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Adad as the greatest god (1)

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Topics (move over topic to see place in topic list)

01 Religious and ideological doctrines and imagery

12 Assyrian Identity

01 Religious and ideological doctrines and imagery

02 Religious and ideological symbols and iconographic motifs

06 Visual arts and architecture

01 Religious and ideological doctrines and imagery

5th century CE
Roman Empire
Roman philosophers and scholars

Macrobius, Saturnalia 1.23.17-20:
Let me tell you what the Assyrians believe about the sovereignty of the sun. To the god whom they revere as highest and greatest (summum maximumque) of the gods they have given the name of Adad, a name which, being interpreted, means “One One.” Him, then, they worship as the most powerful god, but they associate with him a goddess called Adargatis, and to these two deities, by whom they understand the sun and the earth, they ascribe full power over all things. And, instead of using a number of names to express the power shared by these deities in all its forms, they indicate the manifold pre-eminence of this twofold godhead by the attributes which each deity bears. These attributes of themselves tell of the nature of the sun; for the statue of Adad is distinguished by rays which point downward, to show that the might of heaven is in the rays which pour down from the sun to the earth, but the statue of Adargatis is distinguished by rays which point upward, to show that everything that the earth brings forth owes its birth to the power of the rays sent from above. Under the statue of Adargatis are figures of lions, to indicate that the goddess represents the earth, on the same principle as that by which the Phrygians have represented the Mother of the Gods, that is to say, the earth, in a car drawn by lions.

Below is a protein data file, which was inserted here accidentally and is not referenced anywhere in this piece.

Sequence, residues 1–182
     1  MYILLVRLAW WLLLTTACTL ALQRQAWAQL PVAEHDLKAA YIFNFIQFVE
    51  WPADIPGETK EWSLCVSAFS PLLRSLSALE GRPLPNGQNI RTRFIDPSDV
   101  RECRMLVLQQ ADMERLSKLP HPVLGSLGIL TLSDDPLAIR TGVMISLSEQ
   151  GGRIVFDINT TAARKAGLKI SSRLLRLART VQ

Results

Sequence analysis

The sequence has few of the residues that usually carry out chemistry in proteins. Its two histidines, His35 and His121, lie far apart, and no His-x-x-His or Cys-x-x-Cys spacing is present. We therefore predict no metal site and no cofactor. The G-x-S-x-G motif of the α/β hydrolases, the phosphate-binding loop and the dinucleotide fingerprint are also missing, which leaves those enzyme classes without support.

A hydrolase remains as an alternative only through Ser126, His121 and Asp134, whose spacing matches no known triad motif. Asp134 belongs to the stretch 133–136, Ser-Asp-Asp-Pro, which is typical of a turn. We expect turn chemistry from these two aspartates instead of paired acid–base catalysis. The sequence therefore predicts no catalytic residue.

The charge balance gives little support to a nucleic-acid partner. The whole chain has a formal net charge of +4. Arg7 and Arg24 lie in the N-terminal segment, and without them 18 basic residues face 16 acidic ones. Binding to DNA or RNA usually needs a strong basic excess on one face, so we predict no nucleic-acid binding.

Source (list of abbreviations) (source links will open in a new browser window)
Macrobius, Saturnalia 1.23.17-20


Davies 1969, 152-153Davies, Percival V. Macrobius, The Saturnalia. Records of Civilization. Sources and Studies 79. New York, London: Columbia University Press 1969.
Talon 2001, 275Talon, Philippe. “Enūma Eliš and the Transmission of Babylonian Cosmology to the West.” In: R. M. Whiting 2001 (ed.). Mythology and Mythologies. Methodological Approaches to Intercultural Influences. Melammu Symposia 2. Helsinki: The Neo-Assyrian Text Corpus Project 2001, 265-277. [PDF]

Links (external links will open in a new browser window)
Cf. Apamea and the Chaldean Oracles (1)
Cf. Proclus on the Chaldaean Oracles (1)

Amar Annus

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